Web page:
Who can join a credit union?
Credit unions are financial institutions that operate as cooperatives and are owned and run by their members. Membership requirements can vary by credit union but often include being a member of the community or province/territory in which you bank. You may also be required to buy a nominal share in the credit union to become a member.
Do banks offer more services than credit unions?
In general, banks offer more services than credit unions because they have a national rather than localized client base and thus need to offer a wider range of services that will appeal to the largest possible selection of Canadian society. Products and services that you may find at banks that you may not find at credit unions (especially very small ones with only a localized presence) would potentially include:
Investment services: Banks typically have an investment banking arm that offers services, such as underwriting and selling securities, assisting with mergers and acquisitions, and providing financial advisory services.
Wealth management: Banks typically have a wealth management division that provides services like financial planning, investment management, and even estate planning.
Credit cards: Big banks tend to offer a wide selection of credit cards to fit a variety of needs and many have loyalty programs that can earn their credit card users rewards (numerous credit unions offer credit cards but often don’t have nearly the same selection as a big bank).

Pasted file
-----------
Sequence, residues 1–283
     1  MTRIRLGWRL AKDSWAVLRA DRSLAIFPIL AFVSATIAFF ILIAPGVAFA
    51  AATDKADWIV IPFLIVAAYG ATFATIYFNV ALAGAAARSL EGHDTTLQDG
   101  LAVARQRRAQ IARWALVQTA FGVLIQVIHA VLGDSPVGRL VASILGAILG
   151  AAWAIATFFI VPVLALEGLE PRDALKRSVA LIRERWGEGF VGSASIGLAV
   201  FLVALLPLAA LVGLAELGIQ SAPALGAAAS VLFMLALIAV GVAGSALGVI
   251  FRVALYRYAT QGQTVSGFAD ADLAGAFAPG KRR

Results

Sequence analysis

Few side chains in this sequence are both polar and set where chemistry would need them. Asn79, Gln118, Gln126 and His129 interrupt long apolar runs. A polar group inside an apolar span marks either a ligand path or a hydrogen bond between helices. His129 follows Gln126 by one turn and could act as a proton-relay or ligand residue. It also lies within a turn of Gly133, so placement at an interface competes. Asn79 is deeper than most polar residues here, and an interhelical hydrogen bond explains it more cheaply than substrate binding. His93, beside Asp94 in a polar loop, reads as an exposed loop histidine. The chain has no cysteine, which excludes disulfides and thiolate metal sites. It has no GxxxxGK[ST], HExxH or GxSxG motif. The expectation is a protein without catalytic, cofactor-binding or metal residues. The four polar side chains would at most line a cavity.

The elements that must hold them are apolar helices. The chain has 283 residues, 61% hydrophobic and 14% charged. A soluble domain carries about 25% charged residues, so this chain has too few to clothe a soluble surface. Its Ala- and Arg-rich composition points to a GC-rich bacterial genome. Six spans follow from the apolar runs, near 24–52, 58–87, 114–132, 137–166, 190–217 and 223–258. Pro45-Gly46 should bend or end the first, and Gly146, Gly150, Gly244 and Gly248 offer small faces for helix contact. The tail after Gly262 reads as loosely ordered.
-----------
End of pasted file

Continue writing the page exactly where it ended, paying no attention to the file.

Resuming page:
Insurance: Large financial institutions may sell insurance products like car, property and life insurance.
Advantages of Banks Over Credit Unions
There are several advantages that banks offer over credit unions in Canada, including:
Presence: Banks have more bricks-and-mortar locations across the country and are likely to have more branches and ATMs than credit unions.
Greater range of services: Banks offer a wider range of services, including financial planning, a large variety of loan types, and wealth management.
Larger size and scale: Banks are often larger in size and have more resources to invest in new technologies, which can result in more advanced and feature-rich digital banking platforms.
Advantages of Credit Unions Over Banks
Here are some advantages of credit unions over banks:
Lower Fees: Because they are non-profit entities, credit unions often have lower fees than banks, including lower checking account fees, overdraft fees, and ATM fees.
Higher Interest Rates: Another consequence of not being profit driven is that credit unions typically offer higher interest rates on savings accounts and things like GICs.
Personalized Service: Credit unions are often known for their personalized service and member-focused approach. Members have a say in how the credit union is run, and decisions are often made with the best interests of the members in mind.
Community Involvement: One of the primary mandates of a credit union is to give back to their local communities and thus they are often more involved in supporting local causes and organizations.